This week marks the biggest online dating week of the year (combined with the biggest divorce week of the year).
It seems unavoidable that if we have filters and tick-boxes for features and likes or dislikes, we could be cutting off literally thousands of potential suitors because of something we might have thought minor or irrelevant if we met in the flesh.
And, by the way, the tick-box that chooses whether you’re shown people with children or not can have an even more dramatic result, with 90% of the people I asked (a straw poll of 10 in the office) saying they’d chosen not to be shown people with children.
The price and process mean only the dedicated remain – but equally, can lead to people dropping out mid-process.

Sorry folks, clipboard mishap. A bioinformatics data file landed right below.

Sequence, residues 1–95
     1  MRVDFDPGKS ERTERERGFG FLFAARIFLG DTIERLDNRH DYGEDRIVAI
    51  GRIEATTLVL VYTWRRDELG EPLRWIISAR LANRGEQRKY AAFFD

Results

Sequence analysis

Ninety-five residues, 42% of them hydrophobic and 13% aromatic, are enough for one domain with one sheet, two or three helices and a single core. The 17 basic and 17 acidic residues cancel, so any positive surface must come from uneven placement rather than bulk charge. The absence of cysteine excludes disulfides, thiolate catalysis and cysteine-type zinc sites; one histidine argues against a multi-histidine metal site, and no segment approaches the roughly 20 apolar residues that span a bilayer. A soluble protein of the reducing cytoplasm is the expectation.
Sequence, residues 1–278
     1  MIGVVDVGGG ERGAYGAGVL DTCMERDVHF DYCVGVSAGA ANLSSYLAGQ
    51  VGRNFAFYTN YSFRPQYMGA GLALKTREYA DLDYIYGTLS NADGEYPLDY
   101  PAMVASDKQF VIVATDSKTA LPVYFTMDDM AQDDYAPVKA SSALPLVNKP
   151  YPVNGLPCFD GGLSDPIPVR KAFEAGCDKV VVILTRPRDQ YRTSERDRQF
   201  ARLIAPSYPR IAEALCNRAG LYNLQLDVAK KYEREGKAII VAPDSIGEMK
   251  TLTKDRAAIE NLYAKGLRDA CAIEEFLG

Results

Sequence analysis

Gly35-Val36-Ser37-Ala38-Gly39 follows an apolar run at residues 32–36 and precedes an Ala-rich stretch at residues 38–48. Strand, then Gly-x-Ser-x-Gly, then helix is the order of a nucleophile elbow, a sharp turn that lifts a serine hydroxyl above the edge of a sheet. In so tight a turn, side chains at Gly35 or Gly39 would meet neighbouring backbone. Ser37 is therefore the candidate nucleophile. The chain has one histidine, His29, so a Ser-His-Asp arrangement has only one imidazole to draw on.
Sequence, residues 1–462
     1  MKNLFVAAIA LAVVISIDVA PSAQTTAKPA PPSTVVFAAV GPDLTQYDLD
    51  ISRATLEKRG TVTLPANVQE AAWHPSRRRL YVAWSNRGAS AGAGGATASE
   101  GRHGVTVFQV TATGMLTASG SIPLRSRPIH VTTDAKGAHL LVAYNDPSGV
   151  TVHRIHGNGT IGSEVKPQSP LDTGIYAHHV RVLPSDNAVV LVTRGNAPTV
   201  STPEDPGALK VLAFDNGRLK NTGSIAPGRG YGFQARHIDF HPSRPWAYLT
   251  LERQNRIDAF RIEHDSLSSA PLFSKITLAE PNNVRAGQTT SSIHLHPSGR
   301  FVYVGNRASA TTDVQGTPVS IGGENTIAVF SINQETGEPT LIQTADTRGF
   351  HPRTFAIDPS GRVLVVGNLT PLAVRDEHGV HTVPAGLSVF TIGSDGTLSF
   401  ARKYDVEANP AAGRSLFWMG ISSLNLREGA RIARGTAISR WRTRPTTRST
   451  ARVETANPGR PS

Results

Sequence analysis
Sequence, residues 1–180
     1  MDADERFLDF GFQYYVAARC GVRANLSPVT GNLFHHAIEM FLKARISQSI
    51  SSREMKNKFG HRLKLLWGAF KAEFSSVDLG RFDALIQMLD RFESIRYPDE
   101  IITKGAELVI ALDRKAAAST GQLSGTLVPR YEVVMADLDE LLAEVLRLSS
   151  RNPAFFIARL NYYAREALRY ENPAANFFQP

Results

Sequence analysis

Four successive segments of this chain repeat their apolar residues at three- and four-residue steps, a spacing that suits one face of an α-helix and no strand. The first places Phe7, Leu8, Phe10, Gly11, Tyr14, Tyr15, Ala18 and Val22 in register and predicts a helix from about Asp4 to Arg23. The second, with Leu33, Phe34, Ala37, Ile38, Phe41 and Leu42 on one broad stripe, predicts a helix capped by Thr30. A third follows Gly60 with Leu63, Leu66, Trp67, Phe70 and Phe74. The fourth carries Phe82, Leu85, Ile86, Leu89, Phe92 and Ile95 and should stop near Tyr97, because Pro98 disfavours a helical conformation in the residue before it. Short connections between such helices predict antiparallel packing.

Controversy swirled in 2010 around its lack of same-sex matching resulting in a site launched later for gay and bisexual daters called Compatible Partners, but e Harmony now offers matching for both mixed and same sex couples from the main homepage.
e Harmony is another massive player, with 3 million users signed up.
But size isn’t everything – as anyone who has just wrapped up a three-hour swiping session on Tinder will attest.Cons: The lengthy survey you must complete before you sign up.It is 100s of questions long and asks many probing questions about religion and moral views.Too many members with no filter can result in either hours of swiping to find someone you fancy, or hundreds of messages in your inbox that you’ll never have time to read.Here’s a guide to the sites to check out – feel free to leave your own recommendations in the comments below – and let us know if you met your life partner online or on an app and if so, which one. Has both desktop and mobile site and an app, plus paid-for and free singles events. It’s quite difficult to get any information on the price to use match.com’s full service.There’s currently a 7-day free trial to communicate with matches for free until 1 January.